|Developing your own skills||84||0.0||8.3||16.7||39.3||35.7||4.02||.93|
|Participating in club events other than regular mtgs.||83||2.4||7.2||19.3||34.9||36.1||3.95||1.04|
|Feeling you were making a contribution||84||0.0||9.5||19.0||40.5||31.0||3.93||.94|
|Participating in community service projects||84||0.0||9.5||26.2||31.0||33.3||3.88||.99|
|Participating in a county 4-H event||84||3.6||9.5||26.2||16.7||44.0||3.88||1.19|
|Making important decisions||84||0.0||6.0||26.2||42.9||25.0||3.87||.86|
|Planning 4-H activities||84||1.2||13.1||28.6||28.6||28.6||3.70||1.06|
|Completing challenging tasks||84||0.0||11.9||34.5||40.5||13.1||3.55||.87|
|Giving a public speech||84||7.1||14.3||39.3||20.2||19.0||3.30||1.15|
|Attending a state 4-H leadership conference||84||9.5||23.8||26.2||23.8||16.7||3.14||1.23|
|Participating in a regional 4-H event||84||7.1||29.8||23.8||21.4||17.9||3.13||1.23|
|Participating in 4-H State Achievement Days||82||34.1||14.6||15.9||20.7||14.6||2.67||1.49|
Based on seven (animal science, N = 61; family and consumer science, N = 24; environmental education and earth science, N = 7; science and technology, N = 2; citizenship and civic education, N = 7; leadership and personal development, N = 19; and healthy lifestyles education, N = 8) of the 10 4-H curriculum areas, members were asked to identify factors that affected their decision to choose the projects they were currently completing (Table 2). Factors that affected project selection were: I wanted to work with animals, the project looked fun, my friends and siblings were involved, to make money, I liked the 4-H leaders, I was interested in the projects offered, and to improve my public speaking skills (Table 2). Curriculum based activities assist in meeting the need for achievement as shown in Figure 1.
|4-H Curriculum Area Factor||Factor||N|
|Animal Science||I wanted to work with animals||48|
|Family and Consumer Sciences||The project looked fun||18|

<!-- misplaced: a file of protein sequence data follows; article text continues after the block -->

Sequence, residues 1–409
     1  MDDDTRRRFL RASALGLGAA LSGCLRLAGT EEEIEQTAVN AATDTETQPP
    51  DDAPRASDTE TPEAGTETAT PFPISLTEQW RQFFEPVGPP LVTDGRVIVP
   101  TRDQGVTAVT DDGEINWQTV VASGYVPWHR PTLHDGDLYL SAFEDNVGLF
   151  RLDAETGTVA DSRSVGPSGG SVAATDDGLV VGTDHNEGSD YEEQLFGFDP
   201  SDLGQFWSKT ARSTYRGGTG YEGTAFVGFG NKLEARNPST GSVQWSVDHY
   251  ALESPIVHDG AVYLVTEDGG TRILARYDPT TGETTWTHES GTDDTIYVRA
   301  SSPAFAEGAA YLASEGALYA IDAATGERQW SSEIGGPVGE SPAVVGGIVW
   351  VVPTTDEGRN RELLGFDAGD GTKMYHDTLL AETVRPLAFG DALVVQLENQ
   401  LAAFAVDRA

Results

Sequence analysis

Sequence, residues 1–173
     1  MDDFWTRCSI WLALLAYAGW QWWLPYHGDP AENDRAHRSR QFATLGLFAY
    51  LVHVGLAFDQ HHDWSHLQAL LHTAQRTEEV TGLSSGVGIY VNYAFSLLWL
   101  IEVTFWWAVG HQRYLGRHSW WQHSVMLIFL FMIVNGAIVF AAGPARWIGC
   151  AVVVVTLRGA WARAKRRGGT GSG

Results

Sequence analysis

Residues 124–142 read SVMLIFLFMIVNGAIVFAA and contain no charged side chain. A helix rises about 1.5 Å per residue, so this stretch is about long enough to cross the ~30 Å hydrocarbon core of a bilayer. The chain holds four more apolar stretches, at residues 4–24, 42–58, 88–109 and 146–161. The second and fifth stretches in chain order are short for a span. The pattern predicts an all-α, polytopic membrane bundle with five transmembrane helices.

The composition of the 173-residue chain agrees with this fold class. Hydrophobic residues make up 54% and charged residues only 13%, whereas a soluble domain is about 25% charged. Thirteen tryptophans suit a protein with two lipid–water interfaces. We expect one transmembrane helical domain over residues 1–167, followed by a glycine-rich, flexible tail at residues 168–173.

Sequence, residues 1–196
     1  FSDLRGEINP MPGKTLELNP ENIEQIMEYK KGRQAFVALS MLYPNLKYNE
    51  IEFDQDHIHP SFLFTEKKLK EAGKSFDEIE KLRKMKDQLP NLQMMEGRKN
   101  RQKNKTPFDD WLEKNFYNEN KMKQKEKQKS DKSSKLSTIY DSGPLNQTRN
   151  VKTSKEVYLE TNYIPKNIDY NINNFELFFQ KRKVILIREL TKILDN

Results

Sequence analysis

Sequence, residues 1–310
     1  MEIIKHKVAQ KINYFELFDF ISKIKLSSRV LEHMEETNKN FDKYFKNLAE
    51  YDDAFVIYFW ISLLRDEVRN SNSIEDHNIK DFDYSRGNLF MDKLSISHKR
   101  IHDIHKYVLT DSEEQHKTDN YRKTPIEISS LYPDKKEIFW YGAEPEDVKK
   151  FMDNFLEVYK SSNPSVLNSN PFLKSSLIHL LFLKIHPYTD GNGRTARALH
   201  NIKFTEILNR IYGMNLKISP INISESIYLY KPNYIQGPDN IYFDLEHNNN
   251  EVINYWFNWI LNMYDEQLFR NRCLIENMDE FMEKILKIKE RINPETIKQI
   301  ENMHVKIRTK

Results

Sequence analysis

|Environmental Education and Earth Science||My friends or siblings were involved||3|
|Science and Technology||To make money||2|
|Citizenship and Civic Education||I liked the 4-H leaders & I was interested in the projects offered||4|
|Leadership and Personal Development||To improve my public speaking skills||14|
|Healthy Lifestyles Education||I was interested in the projects offered||7|
In addition to the factors that encourage involvement, there are also factors that discourage or limit involvement. Members were asked to rate the level of limitation, on a five-point scale of 1 = not a limitation to 5 = a major limitation, of factors affecting 4-H participation. Of the factors listed in the study, the time required for participation (M = 2.20, SD = 1.31) was the most limiting factor of 4-H participation (Table 3). This could be due to the fact that the participants of the study were involved in an average 3.36 activities outside of 4-H. The least limiting factor of participation was my fear of being in front of a crowd (M = 1.27, SD = .67) (Table 3).
|Not a Limitation||Major Limitation|
|The time required for participation||82||43.9||19.5||15.9||14.6||6.1||2.20||1.31|
|The financial cost of participation||78||48.7||20.5||23.1||6.4||1.3||1.91||1.05|
|Availability of resources (land, barn, etc.)||80||61.2||18.8||3.8||11.2||5.0||1.80||1.24|
|My knowledge of the event/project||80||67.5||18.8||7.5||3.8||2.5||1.55||0.97|
|My 4-H leaders||80||80.0||7.5||7.5||3.8||1.2||1.39||0.88|
|My county 4-H educator||79||86.1||6.3||1.3||5.1||1.3||1.29||0.83|
|A family member's allergies||80||86.2||5.0||5.0||1.2||2.5||1.29||0.83|
|My fear of being in front of a crowd||79||82.3||11.4||5.1||0.0||1.3||1.27||0.67|
Implications and Recommendations
The findings of the study reported here aligned with previous research and indicated that parents had a large influence on a youth's choice to join 4-H (Hartley, 1983; Lock & Costello, 2001; Ritchie & Resler, 1993). Therefore, promotional materials geared towards parents should be created and disseminated throughout Pennsylvania. The promotional materials should highlight the life skill (i.e., record keeping, public speaking, time management, goal setting) building opportunities that are available through participation in the 4-H (Lauver & Little, 2005).
Participation choices of 4-H membership are influenced by their desire to improve life skills such as: public speaking, organizational skills, and leadership skills (Acosta & Holt, 1991; Lauver & Little, 2005; Radhakrishna, Sterner, Fabin & Everhart, 2004; Van Horn, Flanagan & Thomson, 1999). According to the results of the study, 4-H members chose projects and events based on the chance for improvement of their leadership and public speaking skills. The results achieved in the study mirror previous research which states that teenage youth desire activities that promote job skill building and professional skill building (Acosta & Holt; Lauver & Little; Radhakrishna et al., 2004; Van Horn et al., 1999). To that end, Extension educators and 4-H leaders should continue to design programs and activities that promote personal growth and life skill building. The life skills featured should be presented in a way that will show how the featured life skills will assist the 4-H member in becoming more marketable to potential employers in the future.